There is no smoke signal of life inside, but the door stands ajar; the buckskin stained from earthy hands. I call out, then knock on the wall. There is no reply, so I peer inside, and when my eyes have adjusted to the dimness I see Jammet, at home and, true to form, asleep on his bed at this time in the morning. I nearly walk away then, thinking there is no point waking him, but frustration makes me persevere. I haven't come all this way for nothing.

"Mr. Jammet?" I start off, sounding, to my mind, irritatingly bright. "Mr. Jammet, I am sorry to disturb you, but I must ask..."

Laurent Jammet sleeps peacefully. Around his neck is the red neckerchief he wears for hunting, so that other hunters will not mistake him for a bear and shoot him. One foot protrudes off the side of the bed, in a dirty sock. His red neckerchief is on the table...I have grasped the side of the door. Suddenly, from being normal, everything has changed completely: flies hover around their late autumn feast; the red neckerchief is not around his neck, it cannot be, because it is on the table, and that means...

"Oh," I say, and the sound shocks me in the silent cabin. "No."

I cling on to the door, trying not to run away, although I realize a second later I couldn't move if my life depended on it.

The redness around his neck has leaked into the mattress from a gash. A gash. I'm panting, as though I've been running. The door frame is the most important thing in the world right now. Without it, I don't know what I would do.

The neckerchief has not done its duty. It has failed to prevent his untimely death.

I don't pretend to be particularly brave, and, in fact, long ago gave up the notion that I have any remarkable qualities, but I am surprised at the calmness with which I look around the cabin. My first thought is that Jammet has destroyed himself, but Jammet's hands are empty, and there is no sign of a weapon near him. One hand dangles off the side of the bed. It does not occur to me to be afraid. I know with absolute certainty that whoever did this is nowhere near -- the cabin proclaims its emptiness. Even the body on the bed is empty. There are no attributes to it now -- the cheerfulness and slovenliness and skill at shooting, the generosity and callousness -- they have all gone.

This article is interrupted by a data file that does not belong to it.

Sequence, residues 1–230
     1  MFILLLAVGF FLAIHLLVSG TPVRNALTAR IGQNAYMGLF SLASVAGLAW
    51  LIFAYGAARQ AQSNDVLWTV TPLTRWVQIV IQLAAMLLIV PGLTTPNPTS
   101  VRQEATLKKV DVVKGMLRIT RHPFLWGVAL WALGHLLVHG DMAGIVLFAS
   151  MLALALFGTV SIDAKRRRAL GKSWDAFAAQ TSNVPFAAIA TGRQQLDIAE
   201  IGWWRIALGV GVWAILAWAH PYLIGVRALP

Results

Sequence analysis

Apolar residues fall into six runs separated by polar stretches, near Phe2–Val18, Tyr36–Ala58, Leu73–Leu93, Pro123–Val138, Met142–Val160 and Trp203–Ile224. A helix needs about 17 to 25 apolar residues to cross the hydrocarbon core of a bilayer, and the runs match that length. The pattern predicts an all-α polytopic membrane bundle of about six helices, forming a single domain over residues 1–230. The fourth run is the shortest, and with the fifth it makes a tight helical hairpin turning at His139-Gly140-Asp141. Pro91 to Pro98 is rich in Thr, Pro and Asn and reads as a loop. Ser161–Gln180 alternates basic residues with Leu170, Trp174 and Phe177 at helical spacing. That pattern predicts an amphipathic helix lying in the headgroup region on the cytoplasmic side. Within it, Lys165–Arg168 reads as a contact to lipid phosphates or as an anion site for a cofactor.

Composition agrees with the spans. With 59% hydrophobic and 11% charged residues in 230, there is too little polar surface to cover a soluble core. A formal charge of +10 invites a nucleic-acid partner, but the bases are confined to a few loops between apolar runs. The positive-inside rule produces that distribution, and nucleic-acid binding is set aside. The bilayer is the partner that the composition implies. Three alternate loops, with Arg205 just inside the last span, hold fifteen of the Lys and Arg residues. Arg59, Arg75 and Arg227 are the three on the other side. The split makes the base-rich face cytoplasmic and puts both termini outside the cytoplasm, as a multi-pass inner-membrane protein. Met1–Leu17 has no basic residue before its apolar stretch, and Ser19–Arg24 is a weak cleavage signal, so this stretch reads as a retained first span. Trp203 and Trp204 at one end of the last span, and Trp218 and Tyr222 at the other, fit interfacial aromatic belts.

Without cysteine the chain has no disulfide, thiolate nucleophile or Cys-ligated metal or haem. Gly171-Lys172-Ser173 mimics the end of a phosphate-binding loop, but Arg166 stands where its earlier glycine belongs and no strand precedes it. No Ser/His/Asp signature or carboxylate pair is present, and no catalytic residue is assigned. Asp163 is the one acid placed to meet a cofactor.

There is one other thing I can't help but notice, as his face is turned slightly away from me. I don't want to see it, but it's there, and it confirms what I have already unwillingly accepted -- that among all the things in the world that can never be known, Laurent Jammet's fate is not one of them. This is no accident, nor is it self-destruction. He has been scalped.

At length, although it is probably only a few seconds later, I pull the door closed behind me, and when I can't see him anymore, I feel better. Although for the rest of that day, and for days after, my right hand aches from the violence with which I gripped the door frame, as though I had been trying to knead the wood between my fingers, like dough.

Copyright © 2006 by Stef Penney



Continues...


Excerpted from The Tenderness of Wolves by Stef Penney Copyright © 2007 by Stef Penney. Excerpted by permission.
All rights reserved. No part of this excerpt may be reproduced or reprinted without permission in writing from the publisher.
Excerpts are provided by Dial-A-Book Inc. solely for the personal use of visitors to this web site.

Meet the Author

Stef Penney was born and raised in Edinburgh, Scotland . Her debut novel, The Tenderness of Wolves, was an international bestseller and received the prestigious Costa Award. She is also a screenwriter.